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Hunter Biden’s pricey jump into the art world raises yet more questions about the president’s son but the media still doesn’t care

Zachary Leeman
Zachary Leeman

is the author of the novel Nigh and journalist who covers art and culture. He has previously written for outlets such as Breitbart, LifeZette, and BizPac Review among others. Follow him on Twitter @WritingLeeman

is the author of the novel Nigh and journalist who covers art and culture. He has previously written for outlets such as Breitbart, LifeZette, and BizPac Review among others. Follow him on Twitter @WritingLeeman

Hunter Biden’s pricey jump into the art world raises yet more questions about the president’s son but the media still doesn’t care
The White House is helping the first son find an ‘ethical’ way into his latest bizarre career move, a foray into painting. This kind of thing would normally be roundly questioned and mocked by pundits – but he's a Democrat.

Throughout the 2020 presidential election, we were informed – sometimes rather aggressively – by Joe Biden and his allies that there was no corruption when it came to his controversial son Hunter, who has faced numerous accusations of using his father’s previous position as vice president to influence foreign business dealings. 

Accusations and stories around Hunter and his relationship to his father’s positions have continued, mostly among conservatives, but the mainstream media and obedient liberal pundits and celebrities have moved on with relative ease, accepting their president’s explanations and covering their nose against anymore embarrassing – and possibly illegal – content first leaked by the New York Post and coming out of an abandoned laptop allegedly belonging to Hunter.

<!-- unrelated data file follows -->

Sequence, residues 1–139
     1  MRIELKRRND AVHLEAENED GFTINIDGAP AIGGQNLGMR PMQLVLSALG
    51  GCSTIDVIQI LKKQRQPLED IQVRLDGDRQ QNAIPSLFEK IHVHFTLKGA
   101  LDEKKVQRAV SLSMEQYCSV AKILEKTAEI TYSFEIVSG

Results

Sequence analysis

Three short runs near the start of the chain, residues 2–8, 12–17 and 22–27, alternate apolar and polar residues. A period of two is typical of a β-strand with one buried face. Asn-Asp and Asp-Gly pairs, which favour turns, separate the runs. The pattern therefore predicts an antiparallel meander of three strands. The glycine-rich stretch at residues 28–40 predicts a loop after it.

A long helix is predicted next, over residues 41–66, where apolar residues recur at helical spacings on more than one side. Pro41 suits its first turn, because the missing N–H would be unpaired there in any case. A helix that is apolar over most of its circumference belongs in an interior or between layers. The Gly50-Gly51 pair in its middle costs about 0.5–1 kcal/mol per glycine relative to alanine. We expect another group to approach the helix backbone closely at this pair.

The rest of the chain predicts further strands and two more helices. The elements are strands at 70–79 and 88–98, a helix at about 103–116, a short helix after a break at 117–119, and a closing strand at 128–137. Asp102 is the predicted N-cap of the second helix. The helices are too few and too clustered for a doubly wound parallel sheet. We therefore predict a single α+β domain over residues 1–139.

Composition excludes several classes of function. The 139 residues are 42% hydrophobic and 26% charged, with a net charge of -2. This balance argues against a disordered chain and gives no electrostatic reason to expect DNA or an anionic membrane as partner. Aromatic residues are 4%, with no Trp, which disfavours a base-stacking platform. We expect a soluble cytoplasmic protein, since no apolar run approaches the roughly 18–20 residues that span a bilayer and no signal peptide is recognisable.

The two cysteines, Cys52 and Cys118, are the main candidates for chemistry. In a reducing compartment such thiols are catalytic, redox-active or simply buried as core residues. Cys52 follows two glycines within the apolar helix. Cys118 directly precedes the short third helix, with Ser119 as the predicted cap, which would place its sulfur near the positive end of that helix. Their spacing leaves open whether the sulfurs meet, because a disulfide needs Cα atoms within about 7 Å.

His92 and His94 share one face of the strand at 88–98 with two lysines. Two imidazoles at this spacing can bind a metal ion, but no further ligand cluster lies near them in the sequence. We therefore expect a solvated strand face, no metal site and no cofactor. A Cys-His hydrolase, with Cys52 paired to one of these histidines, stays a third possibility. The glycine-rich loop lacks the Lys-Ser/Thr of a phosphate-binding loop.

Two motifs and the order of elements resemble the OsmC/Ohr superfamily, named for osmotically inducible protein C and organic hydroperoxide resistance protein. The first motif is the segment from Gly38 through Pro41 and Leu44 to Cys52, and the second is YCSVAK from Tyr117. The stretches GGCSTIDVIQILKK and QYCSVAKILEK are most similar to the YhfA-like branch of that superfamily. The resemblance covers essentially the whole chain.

Despite there apparently being no wrongdoing though, the White House has reportedly decided to step in on Hunter’s upcoming art show in the fall at a New York gallery to make it appear more ‘ethical.’

According to a Washington Post report citing sources familiar with the deal, the buyers of Hunter’s paintings will be kept confidential, even from the ‘artist’ himself. Questionable bids, like ones above set asking prices, will also be denied by the actual dealer in charge of sales. All this is being done to avoid accusations of Hunter selling his art to people wanting influence with his father. Weird that they’re even worried about accusations when the previous ones were apparently completely false and off-base…

Imagine for a moment if Donald Trump Jr. had announced to the world, after facing months of accusations of corruption, that he was becoming a painter and would be selling off work for anywhere from $75,000 to $500,000.

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Even the smell of corruption on a politician like Trump would create around-the-clock news, inspire numerous stories citing ‘anonymous sources,’ and lead to liberal pundits bursting blood vessels on MSNBC and CNN.

Donald Trump Jr. even faced scrutiny when he published his book, ‘Triggered,’ in 2019 and critics questioned Republican Party events purchasing thousands of copies. If Trump Jr. had been auctioning off paintings for hundreds of thousands of dollars, you can bet the media would start questioning things.

Not so with Hunter. Just like his seeming free pass on the laptop situation, he is again being coddled and protected by both the political ruling class and the media.